Urban homesteading: Back to basics

St. Charles residents raising chickens, growing gardens and reconnecting with the land – in their yards

When the opportunity came up to take a beginner bee keeping class, Chad Cerny grabbed it. “I just want to have hives at my house,” Cerny said. “Bees are fascinating and I know there’s kind of a shortage.”

The class was free, which Janette Canseula of New Sarpy is glad to provide at her residence because she loves bee keeping and seeing others getting back to basics.

People are getting into urban homesteading, such as gardening, raising chickens or bees in their backyards or even their front yards. Getting back to their roots, literally, is a movement driven by both a desire to reconnect to a simpler way of life, as well as to pass on the experience to their children.

For Cerny, his desire to have bee hives in his backyard is part of this, as well as welcomes the bees pollinating his plants.

He has a “hobby garden” with vegetables and flowers to attract the bees.

“It’s something fun to do,” he said. “It’s something me and my wife can do, and our son can dig in the garden and get his hands dirty, as well.”

Cerny’s grew up with a garden, and he liked the lifestyle.

He especially likes the “garden-to-plate” feeling, and he wants to pass it along to this son, 2-1/2-year-old Emerson.

“You do it yourself and you feel accomplished,” he said. “It’s rewarding and relaxing.”

Cerny even brings his son next door so he can visit with the neighbor’s chickens, which the child thoroughly enjoys. They have a garden, too.

At Canseula’s farm, Emerson also had fun with her chickens, which Cerny added, “were like best friends.” Her chickens are special to her, as well as provide eggs that she sells at the German Coast Farmers Market.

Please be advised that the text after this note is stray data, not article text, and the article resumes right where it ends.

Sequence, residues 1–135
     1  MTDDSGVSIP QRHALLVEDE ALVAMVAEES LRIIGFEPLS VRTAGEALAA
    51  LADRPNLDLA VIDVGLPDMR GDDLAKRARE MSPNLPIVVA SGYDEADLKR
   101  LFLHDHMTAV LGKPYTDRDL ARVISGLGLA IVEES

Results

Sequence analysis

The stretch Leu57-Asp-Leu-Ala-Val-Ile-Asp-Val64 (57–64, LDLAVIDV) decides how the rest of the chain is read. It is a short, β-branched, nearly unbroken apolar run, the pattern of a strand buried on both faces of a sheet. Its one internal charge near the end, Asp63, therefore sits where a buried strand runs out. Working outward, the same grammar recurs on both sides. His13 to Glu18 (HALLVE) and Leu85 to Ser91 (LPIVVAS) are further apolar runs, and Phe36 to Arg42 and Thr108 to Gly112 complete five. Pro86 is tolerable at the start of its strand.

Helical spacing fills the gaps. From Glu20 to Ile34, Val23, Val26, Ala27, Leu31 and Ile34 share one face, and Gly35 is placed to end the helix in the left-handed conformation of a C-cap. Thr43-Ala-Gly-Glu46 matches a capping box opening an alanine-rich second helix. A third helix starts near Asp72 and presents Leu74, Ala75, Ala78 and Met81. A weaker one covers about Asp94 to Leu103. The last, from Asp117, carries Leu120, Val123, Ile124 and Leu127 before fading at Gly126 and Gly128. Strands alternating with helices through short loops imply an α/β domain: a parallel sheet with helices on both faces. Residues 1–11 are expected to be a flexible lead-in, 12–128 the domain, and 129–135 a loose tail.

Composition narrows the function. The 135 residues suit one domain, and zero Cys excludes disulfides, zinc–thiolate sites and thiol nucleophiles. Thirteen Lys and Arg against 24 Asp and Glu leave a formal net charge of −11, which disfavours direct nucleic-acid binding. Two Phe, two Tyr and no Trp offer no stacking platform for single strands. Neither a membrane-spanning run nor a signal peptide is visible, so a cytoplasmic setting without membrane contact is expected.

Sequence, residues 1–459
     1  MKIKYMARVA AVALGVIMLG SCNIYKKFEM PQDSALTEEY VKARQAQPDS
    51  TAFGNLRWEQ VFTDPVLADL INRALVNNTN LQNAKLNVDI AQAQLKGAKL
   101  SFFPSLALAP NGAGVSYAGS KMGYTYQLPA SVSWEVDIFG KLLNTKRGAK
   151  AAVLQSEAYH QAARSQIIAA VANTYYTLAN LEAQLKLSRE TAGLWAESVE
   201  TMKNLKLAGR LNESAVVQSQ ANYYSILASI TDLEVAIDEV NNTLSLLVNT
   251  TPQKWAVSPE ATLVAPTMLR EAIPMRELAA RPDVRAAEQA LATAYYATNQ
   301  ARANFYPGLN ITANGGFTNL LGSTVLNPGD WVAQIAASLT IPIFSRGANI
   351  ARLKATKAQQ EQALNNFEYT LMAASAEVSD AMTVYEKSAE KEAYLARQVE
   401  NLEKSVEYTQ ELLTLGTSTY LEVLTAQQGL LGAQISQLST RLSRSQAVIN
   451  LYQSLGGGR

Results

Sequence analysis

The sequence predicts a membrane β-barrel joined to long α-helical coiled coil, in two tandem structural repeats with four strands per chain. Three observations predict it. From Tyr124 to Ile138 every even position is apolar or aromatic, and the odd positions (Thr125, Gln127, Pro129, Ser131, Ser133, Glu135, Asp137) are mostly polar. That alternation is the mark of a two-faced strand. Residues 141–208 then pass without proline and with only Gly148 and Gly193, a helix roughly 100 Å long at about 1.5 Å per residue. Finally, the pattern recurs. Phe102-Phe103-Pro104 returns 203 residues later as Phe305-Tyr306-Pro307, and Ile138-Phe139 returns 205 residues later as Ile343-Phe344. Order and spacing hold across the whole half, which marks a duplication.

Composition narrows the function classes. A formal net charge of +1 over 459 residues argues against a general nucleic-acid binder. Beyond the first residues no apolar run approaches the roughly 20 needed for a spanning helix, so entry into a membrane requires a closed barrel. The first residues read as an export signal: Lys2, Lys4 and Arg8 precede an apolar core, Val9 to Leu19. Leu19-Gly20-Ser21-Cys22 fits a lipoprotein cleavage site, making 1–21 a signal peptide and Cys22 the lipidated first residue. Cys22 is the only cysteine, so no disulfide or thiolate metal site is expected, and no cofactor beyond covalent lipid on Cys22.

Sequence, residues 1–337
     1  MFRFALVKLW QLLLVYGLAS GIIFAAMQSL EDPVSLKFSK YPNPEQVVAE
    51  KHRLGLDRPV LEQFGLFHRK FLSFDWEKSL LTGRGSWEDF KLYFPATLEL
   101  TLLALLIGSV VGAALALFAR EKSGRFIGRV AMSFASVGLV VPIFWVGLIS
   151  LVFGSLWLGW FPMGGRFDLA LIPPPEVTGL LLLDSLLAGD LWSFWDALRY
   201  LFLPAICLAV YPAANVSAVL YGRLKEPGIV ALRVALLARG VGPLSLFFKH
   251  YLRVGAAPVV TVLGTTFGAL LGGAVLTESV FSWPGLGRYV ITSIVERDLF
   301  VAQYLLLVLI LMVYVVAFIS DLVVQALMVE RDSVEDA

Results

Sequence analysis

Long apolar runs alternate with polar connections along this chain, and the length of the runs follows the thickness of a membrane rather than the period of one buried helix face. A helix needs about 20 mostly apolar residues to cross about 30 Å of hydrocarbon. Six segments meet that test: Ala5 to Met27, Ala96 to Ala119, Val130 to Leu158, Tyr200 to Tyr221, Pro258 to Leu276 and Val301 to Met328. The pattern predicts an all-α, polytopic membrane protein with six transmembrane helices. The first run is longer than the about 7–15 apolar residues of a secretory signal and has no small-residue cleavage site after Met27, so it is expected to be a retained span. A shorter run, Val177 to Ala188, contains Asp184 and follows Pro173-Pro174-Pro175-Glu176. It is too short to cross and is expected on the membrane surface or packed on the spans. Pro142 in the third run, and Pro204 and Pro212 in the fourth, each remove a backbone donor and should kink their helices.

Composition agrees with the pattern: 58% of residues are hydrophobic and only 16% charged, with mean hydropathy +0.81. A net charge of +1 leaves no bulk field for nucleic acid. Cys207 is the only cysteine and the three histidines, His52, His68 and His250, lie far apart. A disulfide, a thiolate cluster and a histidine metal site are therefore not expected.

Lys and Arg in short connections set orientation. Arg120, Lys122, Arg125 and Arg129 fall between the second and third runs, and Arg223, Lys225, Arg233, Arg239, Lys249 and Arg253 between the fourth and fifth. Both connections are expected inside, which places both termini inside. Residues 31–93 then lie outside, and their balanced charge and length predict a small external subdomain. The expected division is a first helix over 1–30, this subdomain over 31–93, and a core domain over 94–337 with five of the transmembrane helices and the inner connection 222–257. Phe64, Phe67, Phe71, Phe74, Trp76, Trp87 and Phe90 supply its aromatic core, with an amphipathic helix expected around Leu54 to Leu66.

At Martin’s Nursery and Landscape in Luling, employee Jasmine Lee readily said she’s seeing more people doing gardens because they find it therapeutic or want to teach their children how to raise vegetables and herbs.

Lee said the plants – vegetable or herb – typically well, even in Louisiana heat. Avoid over fertilizing them to avoid burning the roots, she said. It can be placed around edges of where they’re planted without a problem.

“There’s been an increase in people doing this with their children,” Lee said. “More schools are doing gardens in St. Charles Parish and the kids are going home and asking parents they want to do one at home.”

Lee said she’s seeing a lot of kids coming into the store with their parents and picking out the herbs and vegetable plants themselves.

Typical plants of choice are peppers and tomatoes, but some more adventurous children are getting squash and eggplant, she said.

Since she started working at Martin’s three years ago, Lee said she’s seen the number of people coming in about gardens as much as triple.

Initially, the typical gardeners were older, but more of them are becoming children and younger adults. They’re mostly doing small raised beds or a little corner in the front yard.

Lee praised this year’s trend, “This year, we’ve been selling out of herbs and vegetables left and right.”


About Anna Thibodeaux 2071 Articles
Managing Editor

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